It was a rough night at the Lazy Lizard on a thin mattress with a thin pillow. I tossed and turned and just as I was getting my sleep on right my roommates began to stir in noisy ways so that they could get a start on the day’s rock climbing. Americans are not accustomed to the ways of youth hostels, and these guys loved to rifle through their luggage and tromp in and out, leaving the door open. I got up several times throughout the morning to shut the door. At one point I sat up awake waiting for one of the last guys to finish his noisy morning rituals and make his way out of the room. He greeted me and asked if I was a climber. When I told him no he expressed a sentiment that I was probably a nice person anyway, and he was gone, and I rested well a bit longer.
Probably around 0800 or 0900 I made my way out of bed, downstairs, apologized for waking the guy up in the middle of the night, and gave him $9.80 (tax, you see) and bathed. I packed up the car, looking forward to a breakfast in town, some hiking, and some scenic driving. I turned the key in the ignition and where the car usually makes a confident rumbling sound to get the engine purring I heard a click.
The battery wasn’t dead, but perhaps it was weak. I got the cables out and bummed a jump off a fellow traveler. Nada. A bit longer? No.
Could be a bad battery. The hostel guy suggested the auto parts store was a twenty minute walk into town, and the maintenance guy might be going that way in a while and could give me a lift. I said I wanted a hike anyway, so I walked down the highway for not more than five minutes and bought a new battery. The battery was much larger than the one I purchased last year, but I figured bigger is better. The folks at the store lent me a crescent wrench to get the new battery swapped in.
I had thought to stow the battery in my backpack, but the battery was too large, and needed to be carried level, and besides it was heavy enough to possibly damage or destroy the backpack that has been my long-time companion around the world. I carried that sucker, taking breaks every hundred feet or so to switch arms . . . a guy was packing something in his pickup truck along the way and he offered a ride, which I politely declined . . . it is not that far. A bit farther and another guy offered another ride in his pickup truck. I accepted, and was dropped off in front of my car.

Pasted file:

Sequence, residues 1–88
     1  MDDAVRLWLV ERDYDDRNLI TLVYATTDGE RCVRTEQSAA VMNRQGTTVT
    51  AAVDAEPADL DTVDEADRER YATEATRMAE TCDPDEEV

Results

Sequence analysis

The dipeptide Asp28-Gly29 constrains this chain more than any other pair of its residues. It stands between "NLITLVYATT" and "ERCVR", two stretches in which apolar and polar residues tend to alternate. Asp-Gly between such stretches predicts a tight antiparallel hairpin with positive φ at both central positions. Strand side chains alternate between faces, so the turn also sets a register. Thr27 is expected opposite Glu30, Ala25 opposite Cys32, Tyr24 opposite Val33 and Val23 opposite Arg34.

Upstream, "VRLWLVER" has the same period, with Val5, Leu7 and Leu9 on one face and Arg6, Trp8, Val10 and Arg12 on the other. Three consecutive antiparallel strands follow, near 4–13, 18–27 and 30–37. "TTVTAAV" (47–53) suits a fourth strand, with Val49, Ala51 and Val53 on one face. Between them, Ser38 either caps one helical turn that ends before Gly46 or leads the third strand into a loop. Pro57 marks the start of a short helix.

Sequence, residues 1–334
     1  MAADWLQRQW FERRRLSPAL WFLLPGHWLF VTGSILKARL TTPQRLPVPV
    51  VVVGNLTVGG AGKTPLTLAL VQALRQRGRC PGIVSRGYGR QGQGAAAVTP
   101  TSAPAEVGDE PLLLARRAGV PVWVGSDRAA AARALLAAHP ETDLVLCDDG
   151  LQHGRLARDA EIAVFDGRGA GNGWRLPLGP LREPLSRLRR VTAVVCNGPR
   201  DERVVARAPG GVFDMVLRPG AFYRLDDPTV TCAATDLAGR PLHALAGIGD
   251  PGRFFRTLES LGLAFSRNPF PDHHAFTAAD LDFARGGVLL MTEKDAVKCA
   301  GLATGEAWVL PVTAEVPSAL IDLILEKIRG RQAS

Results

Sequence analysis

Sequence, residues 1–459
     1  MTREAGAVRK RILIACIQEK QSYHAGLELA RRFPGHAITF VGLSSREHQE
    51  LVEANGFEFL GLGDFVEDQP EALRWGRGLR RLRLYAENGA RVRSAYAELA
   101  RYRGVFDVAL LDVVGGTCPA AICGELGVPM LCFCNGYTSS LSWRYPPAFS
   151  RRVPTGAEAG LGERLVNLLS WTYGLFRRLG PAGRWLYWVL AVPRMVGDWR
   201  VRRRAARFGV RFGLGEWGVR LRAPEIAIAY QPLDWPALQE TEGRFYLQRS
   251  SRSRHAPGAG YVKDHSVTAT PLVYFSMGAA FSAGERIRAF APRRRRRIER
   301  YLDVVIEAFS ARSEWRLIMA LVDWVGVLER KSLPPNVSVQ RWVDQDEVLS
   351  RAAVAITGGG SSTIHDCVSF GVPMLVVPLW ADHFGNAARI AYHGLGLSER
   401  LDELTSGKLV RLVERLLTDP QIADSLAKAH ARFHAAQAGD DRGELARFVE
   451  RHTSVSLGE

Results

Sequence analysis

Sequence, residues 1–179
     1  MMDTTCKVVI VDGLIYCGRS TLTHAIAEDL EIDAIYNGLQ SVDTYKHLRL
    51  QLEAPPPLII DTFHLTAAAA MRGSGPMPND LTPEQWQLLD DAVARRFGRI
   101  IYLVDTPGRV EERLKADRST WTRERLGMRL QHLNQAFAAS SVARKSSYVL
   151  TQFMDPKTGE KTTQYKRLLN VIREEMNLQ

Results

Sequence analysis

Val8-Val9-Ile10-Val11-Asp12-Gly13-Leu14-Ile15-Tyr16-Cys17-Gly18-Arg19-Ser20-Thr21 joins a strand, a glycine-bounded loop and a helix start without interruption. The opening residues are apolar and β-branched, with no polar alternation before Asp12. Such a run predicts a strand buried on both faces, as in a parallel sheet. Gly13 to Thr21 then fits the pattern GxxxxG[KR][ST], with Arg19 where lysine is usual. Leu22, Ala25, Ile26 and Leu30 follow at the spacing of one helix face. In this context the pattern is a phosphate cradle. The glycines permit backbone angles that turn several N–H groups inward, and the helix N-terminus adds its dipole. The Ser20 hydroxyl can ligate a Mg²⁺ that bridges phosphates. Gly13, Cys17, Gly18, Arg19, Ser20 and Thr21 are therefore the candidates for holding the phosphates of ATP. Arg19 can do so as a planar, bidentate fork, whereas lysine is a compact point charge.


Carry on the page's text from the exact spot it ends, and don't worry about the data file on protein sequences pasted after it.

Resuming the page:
I extracted the old battery, stowing it on the floor in front of the passenger’s seat, and installed the new battery, all charged and ready and–click.
“Well, I took an auto shop class twenty years ago . . .” offered the hostel guy. He took a listen to the click. The starter solenoid goes click. Well, you could try replacing that . . .
I walked back down to the parts store and easily carried back a starter solenoid. More work with the wrench and nada. Dang.
So, I asked a couple from Oregon about the mechanic they were waiting to hear back from. They said the guy had been really busy and might not be able to figure out there car today and the woman had figured out Greyhound tickets so she wouldn’t have to miss work on Monday. Gee. I wandered down the road a bit to what looked like a service station where the guys were working on Jeeps. I explained my plight. The guys said they did Jeep rentals and only knew how to service their own fleet. The more mechanically-inclined fellow affirmed that yes, start with the battery, then the solenoid . . . he recalled that with Fords often if the current from the battery is too low then the solenoid wont send any current to the starter . . . anyway, there’s a really good mechanic a little ways down in a big yellow building, and in front of him is another mechanic who is also pretty good.
So, I wandered down the road. Both mechanics were closed. I sighed and wandered back towards the hostel, figuring that worst-case, Moab isn’t such a bad place and the hostel should be cozy for a few days. I badly needed coffee and so stopped by the roadside espresso stand just a little ways down from the hostel. The guy working in the stand was friendly and asked how everything was. I replied that things were good overall, but I had to figure out my car problem. He suggested another guy that might be helpful just a few doors the other side of the hostel, and explained what he called “an old redneck trick” of climbing under the car and shorting the terminals on the starter to get a car started. That sounded worth a try, maybe. He didn’t know if his friend would be open, but he might be. He gave the guy a call and left a message, “but that doesn’t mean he’s closed.” My coffee was on the house.